• Brad Juneau currently directly owns 55,000 shares of Contango plus 30,000 additional shares held in an irrevocable trust for his children.  Mr. Juneau purchased the majority of his directly held shares recently at prices between $49.08 and $49.75 as reported in a Form 4 filing in early October.  With an economic interest of nearly $4.2 million in Contango shares, Mr. Juneau’s interests seem well aligned with Contango shareholders.  Unlike most companies that seek to align the interests of management with shareholders, Contango did not give Mr. Juneau restricted stock or options.  Instead, Mr. Juneau parted with actual cash to purchase his shares.  This appears to be a very positive sign.
  • Contango has a history of transparent compensation policies with clear goals and objectives required to earn cash bonus compensation.  The company did not award any equity compensation over the past year and currently has no options outstanding.  Ken Peak earned slightly less than $2 million during Fiscal 2012, down from nearly $7 million for Fiscal 2011 due to lower bonus compensation.  We encourage readers to review the proxy statement’s compensation section.  Those who read many proxies will likely find the company’s compensation practices to be very transparent compared to most other companies.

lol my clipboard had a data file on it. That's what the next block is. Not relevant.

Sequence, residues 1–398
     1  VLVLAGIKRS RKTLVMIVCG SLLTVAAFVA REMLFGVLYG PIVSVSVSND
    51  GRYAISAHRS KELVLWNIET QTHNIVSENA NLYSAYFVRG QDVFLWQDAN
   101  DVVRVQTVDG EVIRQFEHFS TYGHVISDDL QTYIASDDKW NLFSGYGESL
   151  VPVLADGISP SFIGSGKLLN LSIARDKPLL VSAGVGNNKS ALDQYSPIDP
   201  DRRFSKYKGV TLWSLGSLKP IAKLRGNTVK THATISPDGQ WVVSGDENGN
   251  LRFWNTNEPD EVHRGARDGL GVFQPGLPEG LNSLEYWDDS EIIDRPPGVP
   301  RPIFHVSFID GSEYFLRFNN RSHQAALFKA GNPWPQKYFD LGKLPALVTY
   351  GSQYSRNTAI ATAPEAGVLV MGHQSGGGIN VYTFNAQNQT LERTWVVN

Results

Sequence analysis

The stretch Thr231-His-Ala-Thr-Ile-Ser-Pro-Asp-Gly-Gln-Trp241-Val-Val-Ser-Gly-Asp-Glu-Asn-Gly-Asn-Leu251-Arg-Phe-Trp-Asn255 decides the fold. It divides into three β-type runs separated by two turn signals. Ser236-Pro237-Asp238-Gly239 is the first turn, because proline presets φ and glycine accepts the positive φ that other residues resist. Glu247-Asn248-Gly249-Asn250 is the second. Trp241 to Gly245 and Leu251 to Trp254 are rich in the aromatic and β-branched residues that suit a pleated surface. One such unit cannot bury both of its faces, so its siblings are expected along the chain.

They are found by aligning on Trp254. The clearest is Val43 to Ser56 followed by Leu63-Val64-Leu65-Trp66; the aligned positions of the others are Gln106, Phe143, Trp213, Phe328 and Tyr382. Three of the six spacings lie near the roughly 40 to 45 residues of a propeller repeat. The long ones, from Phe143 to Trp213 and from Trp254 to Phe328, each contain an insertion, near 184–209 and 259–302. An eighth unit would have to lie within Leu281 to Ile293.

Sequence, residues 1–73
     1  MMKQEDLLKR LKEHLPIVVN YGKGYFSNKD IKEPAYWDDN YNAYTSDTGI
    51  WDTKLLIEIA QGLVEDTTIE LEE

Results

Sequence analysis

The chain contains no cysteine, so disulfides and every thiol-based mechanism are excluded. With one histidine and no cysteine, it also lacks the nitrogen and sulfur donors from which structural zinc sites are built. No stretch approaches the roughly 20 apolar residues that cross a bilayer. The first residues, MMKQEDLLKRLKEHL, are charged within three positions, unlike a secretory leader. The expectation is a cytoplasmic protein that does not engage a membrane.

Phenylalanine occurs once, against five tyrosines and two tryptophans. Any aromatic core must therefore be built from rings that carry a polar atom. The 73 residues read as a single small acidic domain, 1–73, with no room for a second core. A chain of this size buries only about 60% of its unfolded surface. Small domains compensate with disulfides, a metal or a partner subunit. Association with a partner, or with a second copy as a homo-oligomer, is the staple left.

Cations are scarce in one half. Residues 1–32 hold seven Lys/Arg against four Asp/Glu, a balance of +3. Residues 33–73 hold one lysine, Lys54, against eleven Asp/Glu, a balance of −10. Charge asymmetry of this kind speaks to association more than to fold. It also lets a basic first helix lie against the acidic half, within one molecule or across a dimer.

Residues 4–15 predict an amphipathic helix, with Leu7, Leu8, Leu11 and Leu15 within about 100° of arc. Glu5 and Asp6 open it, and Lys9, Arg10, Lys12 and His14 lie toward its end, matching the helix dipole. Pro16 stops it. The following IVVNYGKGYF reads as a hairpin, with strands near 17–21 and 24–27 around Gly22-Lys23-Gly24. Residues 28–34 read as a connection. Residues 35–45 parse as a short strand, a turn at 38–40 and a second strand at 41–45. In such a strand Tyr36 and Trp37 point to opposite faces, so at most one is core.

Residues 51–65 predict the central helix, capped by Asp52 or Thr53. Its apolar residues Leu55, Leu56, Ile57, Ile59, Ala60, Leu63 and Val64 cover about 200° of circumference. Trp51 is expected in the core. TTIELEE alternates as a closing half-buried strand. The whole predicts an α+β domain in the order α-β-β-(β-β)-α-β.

• Although no further details were provided regarding Mr. Peak’s medical condition, the proxy statement still contains language that implies that he is actively involved as Chairman in setting compensation for other executive officers and setting overall corporate policies.  There is also language related to Mr. Peak’s fiscal 2013 salary and bonus being prorated if he returns as CEO.  While this language may just be boilerplate information, the prospect of Mr. Peak’s return is at least presented as a possibility. If the board had reason to believe that he would definitely not return, it seems reasonable to believe that such language would not have been used.
  • On a less positive note, the vesting of Mr. Peak’s option grants at Contango ORE were accelerated to vest immediately.  Contango ORE is a separate publicly traded company that was spun off from Contango in late 2010.  Readers may wish to review Contango ORE’s proxy statement for further details.